As my son turns eight months old, I’m learning a lot about him.
Over the summer, he and I spent many days together. We took field trips to parks or museums. He would ride in the carrier, strapped to my chest, while I pointed to things for him to look at. He learned to ride in the shopping cart at the grocery store, and to turn on the charm when strangers look at him or speak to him.
I’m learning a lot about my son.
I’ve learned that he loves to laugh. He loves to look out the window at passing cars. He jumps up and down on the couch whenever a car passes by our house. He loves to be swayed back and forth, to pretend “rough house,” to chase his mother and I around on the floor.
I’ve learned a lot of things about my son.
But I still don’t really know what kind of boy he is going to turn out to be.
And in our culture that is asking more and more questions about what it means to be “male” or “female,” I want my son to know that there are many kinds of boys, and whatever kind he turns out to be, I’ll be proud of him.
Playing Like a Girl
When our cultural conversation about gender identity was just beginning, I have to admit, I had a hard time understanding what it meant to not identify with the gender you were born into.
But after a while, I did start to understand.
I remembered being a little boy on the playground at school. And there were some games I wasn’t good at. As I grew older, I realized that the athletics gene had passed me by, and my artistic inclinations didn’t gain me the same respect from other boys as throwing or catching a ball would have.
“You play like a girl, Appling.”
Among boys, being labeled “like a girl” was a paramount insult, heaped liberally on boys who did not measure up to the rigorous playground standards of “boyness.” This advertising campaign featuring girls demonstrating what it means to “play like a girl” is brilliant. There are men and women who don’t understand what the fuss is because they were never left on the fringes of the playground as children, or had their gender insulted.
I never doubted that I was a boy, because such a thought had never been introduced to us – that boys might not really be boys.
But I at least once understood what it meant to not measure up to what other people think a boy ought to be.
Girls In Overalls
If you have Netflix, you might have seen To Kill a Mockingbird was just recently added, and hopefully, you’ve taken a couple of hours to rewatch it, like we did.
Did you notice how un-girl-like Scout is?
She hates wearing that dress to school. She’d rather be in overalls.
She picks fights on the playground. She’d rather be dirty and play rough with the boys.
And yet, there is never a question of Scout’s essential femaleness. She is just different from many of the girls in the neighborhood. She is clearly just a “tomboy,” although I don’t know if such a term is even politically correct anymore.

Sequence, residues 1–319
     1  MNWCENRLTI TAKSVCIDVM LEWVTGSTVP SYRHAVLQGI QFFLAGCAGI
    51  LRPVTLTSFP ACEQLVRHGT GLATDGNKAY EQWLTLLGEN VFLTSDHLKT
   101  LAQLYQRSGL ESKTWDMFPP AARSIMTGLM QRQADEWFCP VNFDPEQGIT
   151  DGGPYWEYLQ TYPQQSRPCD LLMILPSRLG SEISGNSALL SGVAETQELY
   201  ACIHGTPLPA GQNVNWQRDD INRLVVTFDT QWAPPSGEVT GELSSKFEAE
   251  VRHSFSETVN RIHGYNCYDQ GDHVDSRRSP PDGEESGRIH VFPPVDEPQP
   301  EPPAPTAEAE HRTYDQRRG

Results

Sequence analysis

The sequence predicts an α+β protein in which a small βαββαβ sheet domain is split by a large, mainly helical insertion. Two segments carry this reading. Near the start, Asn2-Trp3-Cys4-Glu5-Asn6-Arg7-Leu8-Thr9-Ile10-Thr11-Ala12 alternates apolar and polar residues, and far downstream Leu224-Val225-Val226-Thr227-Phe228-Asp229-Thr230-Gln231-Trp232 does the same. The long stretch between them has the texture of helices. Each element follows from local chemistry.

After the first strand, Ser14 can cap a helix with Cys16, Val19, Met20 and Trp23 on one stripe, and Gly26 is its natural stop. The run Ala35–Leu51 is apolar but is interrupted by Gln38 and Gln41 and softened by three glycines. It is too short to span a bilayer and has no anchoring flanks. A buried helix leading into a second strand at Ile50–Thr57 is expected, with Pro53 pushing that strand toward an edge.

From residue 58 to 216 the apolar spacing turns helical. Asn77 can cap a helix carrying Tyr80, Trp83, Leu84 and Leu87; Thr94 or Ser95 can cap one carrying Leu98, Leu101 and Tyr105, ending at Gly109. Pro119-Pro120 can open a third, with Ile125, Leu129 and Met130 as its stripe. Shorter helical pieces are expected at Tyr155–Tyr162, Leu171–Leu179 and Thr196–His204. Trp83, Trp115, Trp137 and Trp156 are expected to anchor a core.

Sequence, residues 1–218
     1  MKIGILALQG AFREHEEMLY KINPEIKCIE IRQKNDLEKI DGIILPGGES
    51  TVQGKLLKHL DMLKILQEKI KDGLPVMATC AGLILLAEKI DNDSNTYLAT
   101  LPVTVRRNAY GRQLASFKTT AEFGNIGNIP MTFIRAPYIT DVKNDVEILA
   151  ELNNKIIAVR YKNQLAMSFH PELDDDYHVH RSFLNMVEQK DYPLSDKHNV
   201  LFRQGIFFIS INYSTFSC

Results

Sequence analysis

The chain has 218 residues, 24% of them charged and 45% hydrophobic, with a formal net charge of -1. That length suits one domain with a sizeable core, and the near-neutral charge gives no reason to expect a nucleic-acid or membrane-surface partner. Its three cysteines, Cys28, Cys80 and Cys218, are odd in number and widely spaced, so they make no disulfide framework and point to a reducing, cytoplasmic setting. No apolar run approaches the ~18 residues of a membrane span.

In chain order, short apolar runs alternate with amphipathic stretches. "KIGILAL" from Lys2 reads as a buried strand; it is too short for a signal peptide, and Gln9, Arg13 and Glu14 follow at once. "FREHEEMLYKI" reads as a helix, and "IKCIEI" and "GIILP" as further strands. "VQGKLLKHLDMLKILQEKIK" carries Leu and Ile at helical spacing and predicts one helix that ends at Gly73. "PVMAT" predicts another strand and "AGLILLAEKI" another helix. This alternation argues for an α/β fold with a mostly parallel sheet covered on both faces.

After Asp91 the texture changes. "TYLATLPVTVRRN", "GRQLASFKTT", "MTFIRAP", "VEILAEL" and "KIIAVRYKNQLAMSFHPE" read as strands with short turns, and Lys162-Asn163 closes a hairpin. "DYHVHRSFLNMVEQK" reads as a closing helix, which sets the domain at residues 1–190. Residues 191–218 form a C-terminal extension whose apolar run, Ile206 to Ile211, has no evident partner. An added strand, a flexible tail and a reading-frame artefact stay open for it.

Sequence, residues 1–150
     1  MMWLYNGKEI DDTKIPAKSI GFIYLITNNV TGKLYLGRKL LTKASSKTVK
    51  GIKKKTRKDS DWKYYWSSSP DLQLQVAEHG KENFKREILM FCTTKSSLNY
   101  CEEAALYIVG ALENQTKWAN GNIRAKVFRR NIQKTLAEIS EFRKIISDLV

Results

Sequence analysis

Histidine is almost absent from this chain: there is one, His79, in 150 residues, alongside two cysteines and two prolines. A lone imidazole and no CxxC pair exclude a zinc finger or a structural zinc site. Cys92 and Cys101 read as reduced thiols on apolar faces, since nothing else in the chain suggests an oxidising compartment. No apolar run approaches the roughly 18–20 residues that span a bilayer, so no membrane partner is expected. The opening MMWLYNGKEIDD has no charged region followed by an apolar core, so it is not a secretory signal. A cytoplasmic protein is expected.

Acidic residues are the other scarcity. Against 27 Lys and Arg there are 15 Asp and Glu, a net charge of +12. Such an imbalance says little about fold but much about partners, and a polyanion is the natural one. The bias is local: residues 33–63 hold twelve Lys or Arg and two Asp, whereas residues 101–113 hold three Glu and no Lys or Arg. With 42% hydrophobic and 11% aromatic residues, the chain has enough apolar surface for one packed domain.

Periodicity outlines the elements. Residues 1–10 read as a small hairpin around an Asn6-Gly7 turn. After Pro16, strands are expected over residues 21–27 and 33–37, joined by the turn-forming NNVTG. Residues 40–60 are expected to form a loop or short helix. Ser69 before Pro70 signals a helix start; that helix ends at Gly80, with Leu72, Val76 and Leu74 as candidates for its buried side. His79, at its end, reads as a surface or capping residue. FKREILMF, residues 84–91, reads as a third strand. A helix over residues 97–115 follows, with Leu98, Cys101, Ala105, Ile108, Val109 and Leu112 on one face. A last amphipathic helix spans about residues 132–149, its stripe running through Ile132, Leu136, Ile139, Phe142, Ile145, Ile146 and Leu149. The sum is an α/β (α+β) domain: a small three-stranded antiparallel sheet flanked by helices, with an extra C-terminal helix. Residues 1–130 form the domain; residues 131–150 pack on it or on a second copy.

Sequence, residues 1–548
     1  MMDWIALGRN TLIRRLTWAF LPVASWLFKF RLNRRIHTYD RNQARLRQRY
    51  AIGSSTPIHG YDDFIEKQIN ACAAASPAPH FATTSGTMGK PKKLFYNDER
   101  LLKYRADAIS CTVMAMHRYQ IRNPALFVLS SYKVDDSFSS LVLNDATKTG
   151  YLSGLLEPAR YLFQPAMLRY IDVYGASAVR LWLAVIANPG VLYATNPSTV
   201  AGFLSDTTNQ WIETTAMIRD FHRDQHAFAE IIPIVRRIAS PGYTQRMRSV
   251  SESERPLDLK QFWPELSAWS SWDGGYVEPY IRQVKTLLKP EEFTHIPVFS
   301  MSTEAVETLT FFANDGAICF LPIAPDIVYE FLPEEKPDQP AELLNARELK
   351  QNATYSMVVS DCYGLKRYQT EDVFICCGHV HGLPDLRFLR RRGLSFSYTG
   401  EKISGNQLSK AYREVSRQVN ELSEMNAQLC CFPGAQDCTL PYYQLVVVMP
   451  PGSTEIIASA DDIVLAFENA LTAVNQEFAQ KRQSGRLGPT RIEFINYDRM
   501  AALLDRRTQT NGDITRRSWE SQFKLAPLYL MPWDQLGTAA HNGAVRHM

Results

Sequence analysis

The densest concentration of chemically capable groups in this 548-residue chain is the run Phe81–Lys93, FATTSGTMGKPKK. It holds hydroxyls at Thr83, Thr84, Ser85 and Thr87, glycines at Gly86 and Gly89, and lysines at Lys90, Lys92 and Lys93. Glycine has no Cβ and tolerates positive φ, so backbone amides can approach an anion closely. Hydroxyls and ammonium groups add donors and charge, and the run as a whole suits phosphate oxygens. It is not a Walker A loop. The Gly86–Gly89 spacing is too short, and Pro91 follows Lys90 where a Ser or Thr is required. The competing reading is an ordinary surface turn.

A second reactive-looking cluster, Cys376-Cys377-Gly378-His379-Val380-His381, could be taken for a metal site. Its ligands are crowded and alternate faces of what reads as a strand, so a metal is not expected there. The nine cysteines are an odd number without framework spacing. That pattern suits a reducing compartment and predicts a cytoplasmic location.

It never occurred to anyone in that era that a girl like Scout might not actually be a girl.
Have We Yet Made Room For All Kinds of Children?
The thing about our conversation on gender identity is that I think we are losing or forgetting or skipping over something important.
Girls like Scout might have been teased on the playground for not being “typical” girls. Just like boys who preferred to draw rather than play sports might have been teased.
But just as we started seeing formal social gender roles loosen, just as we saw Dads become more nurturing to kids and Moms have more chances to leave the house, the idea was introduced to us that a girl who doesn’t fit in with other girls might not actually be a girl, and a boy who doesn’t fit in with other boys might not actually be a boy.
Surely, there are people who truly do not feel that they were born in the right body.
But somewhere in our pursuit of understanding and inclusion, I am afraid we are also creating a negative permutation of gender identity that is regressive, that hearkens back to the old days of strict social norms. It says that if a boy doesn’t act like the boys around him or doesn’t make friends with other boys, or is made to feel like he is not much of a boy, then he might not actually be a boy.
If gender is just a social construct and not innate to us, then we have to look at the social forces that we were all exposed to on the playground, the forces that told us that we didn’t measure up, that we “played like a girl” or “acted like a boy” and made us question whether we really were what we thought we were.
I wonder what kind of counseling Scout Finch would receive if she were a child today. Do we still have room for boys and girls who don’t quite fit, or does our obsession with categorizing and labeling everyone demand that we all fit into a box?
That is why I just want my boy to know that there are many kinds of boys. If he doesn’t measure up to some other boys’ standards, it doesn’t make him any less “boy.” If I have a daughter who plays with trains and likes to get dirty, I want her to know that’s ok, and she doesn’t have to wear pink or worship princesses.
Children, you can be whatever kind of boy or girl God made you to be.